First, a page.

21 July 2007

Where is it from -- again

We've already had frightening news about food and medicine exported from China. More and more problem areas have continued to surface, including seafood, cardboard steamed buns, and even tires (found via Chell's Roost; also read this). And there have been alarming finds in imports from other Third World countries, even Mexico -- and note once again the scandalous inaction of the American authorities who are supposed to be protecting us.

(In an effort at "even-handedness", the article also cites other countries' concerns about American exports. However, the main examples it cites are objections to genetically-modified foods, about which there is no evidence suggesting that they might be harmful even though many people have an understandable "ick-factor" reaction to them, and concerns about mad-cow disease, of which vanishingly-few cases have ever been detected in the US.)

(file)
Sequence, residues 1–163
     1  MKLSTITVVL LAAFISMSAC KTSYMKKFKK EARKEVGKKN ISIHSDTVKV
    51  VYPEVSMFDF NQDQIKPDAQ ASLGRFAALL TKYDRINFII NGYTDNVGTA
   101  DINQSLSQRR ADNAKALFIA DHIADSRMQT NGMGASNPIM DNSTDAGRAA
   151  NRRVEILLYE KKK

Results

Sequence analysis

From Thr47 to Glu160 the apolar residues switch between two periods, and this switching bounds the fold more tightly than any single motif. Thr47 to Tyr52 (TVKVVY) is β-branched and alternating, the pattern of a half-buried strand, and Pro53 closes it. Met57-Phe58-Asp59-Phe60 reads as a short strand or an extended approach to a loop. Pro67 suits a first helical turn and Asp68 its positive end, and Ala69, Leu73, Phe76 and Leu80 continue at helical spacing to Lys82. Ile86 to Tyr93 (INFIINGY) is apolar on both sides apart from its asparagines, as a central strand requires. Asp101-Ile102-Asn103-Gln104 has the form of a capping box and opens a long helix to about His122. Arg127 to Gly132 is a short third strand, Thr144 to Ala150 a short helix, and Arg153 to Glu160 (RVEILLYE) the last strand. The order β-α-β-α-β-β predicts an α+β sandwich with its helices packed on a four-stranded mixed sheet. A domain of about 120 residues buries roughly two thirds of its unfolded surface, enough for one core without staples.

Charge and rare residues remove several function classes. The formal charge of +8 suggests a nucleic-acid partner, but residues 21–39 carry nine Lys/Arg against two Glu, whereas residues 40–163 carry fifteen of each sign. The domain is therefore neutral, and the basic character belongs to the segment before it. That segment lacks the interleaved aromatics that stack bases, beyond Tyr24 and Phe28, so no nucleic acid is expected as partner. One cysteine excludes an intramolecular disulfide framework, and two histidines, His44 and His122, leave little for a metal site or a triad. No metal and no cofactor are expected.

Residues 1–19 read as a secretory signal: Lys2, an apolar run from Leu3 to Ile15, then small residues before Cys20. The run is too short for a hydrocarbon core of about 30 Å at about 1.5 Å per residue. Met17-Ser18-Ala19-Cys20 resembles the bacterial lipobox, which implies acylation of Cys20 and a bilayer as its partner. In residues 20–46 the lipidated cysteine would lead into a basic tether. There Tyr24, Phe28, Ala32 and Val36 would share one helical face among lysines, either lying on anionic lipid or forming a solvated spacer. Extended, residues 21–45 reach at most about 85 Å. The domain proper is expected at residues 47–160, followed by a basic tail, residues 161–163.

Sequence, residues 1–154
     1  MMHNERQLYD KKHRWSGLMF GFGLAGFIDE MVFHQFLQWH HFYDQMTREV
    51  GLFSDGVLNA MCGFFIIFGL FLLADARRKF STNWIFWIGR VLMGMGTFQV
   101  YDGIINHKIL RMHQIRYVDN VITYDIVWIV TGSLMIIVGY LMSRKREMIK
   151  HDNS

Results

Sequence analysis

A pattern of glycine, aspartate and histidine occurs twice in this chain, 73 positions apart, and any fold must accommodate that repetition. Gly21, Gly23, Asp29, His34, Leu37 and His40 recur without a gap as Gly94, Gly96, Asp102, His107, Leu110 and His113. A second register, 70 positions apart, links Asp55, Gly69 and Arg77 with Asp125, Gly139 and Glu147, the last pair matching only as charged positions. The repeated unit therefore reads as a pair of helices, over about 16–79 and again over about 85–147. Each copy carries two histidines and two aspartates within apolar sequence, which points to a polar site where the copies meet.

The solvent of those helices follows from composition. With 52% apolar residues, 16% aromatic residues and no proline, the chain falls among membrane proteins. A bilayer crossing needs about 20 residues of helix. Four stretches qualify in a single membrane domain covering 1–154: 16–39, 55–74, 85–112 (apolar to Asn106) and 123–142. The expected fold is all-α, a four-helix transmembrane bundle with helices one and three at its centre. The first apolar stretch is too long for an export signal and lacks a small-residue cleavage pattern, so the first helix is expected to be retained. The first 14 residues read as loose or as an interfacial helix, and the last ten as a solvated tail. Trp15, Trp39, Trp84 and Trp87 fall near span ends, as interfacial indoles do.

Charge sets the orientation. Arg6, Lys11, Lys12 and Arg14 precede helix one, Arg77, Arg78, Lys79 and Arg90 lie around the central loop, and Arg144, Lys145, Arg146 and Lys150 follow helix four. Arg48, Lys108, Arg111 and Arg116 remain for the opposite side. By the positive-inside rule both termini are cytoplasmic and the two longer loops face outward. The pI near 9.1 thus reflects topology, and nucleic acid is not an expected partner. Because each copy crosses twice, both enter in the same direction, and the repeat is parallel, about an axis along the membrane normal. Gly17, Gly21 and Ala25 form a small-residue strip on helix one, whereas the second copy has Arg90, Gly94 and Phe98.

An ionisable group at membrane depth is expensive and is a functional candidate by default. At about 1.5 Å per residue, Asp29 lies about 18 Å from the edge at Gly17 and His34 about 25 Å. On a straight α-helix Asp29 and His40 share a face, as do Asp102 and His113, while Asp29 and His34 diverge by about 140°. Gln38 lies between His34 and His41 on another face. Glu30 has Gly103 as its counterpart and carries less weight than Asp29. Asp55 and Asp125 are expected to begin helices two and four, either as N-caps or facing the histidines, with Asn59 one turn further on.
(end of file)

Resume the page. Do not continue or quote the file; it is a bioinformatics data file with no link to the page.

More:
The sad fact is that Third World countries simply cannot afford the kind of comprehensive regulatory infrastructure that is the norm in rich countries, and what they do have tends to be riddled with corruption, partly because enforcement officials are so poorly paid that accepting bribes to overlook violations becomes a tempting option. A safe food supply is not cheap; it is one of the things that rich countries buy with their wealth. (Notice from the graph in the MSNBC article how low is the number of problems with imports from Canada relative to those from China, India, and Mexico, even though we import far more from Canada than from those countries.) Trade rules as currently set up are allowing cheap imports -- cheap in part because of the lack of adequate quality controls -- to do an end run around the standards which the US has built up over generations. 92% of Americans support mandatory labeling of food to show country of origin; when will the US government stop caving to the objections of agribusiness and start defending the interests of the public?


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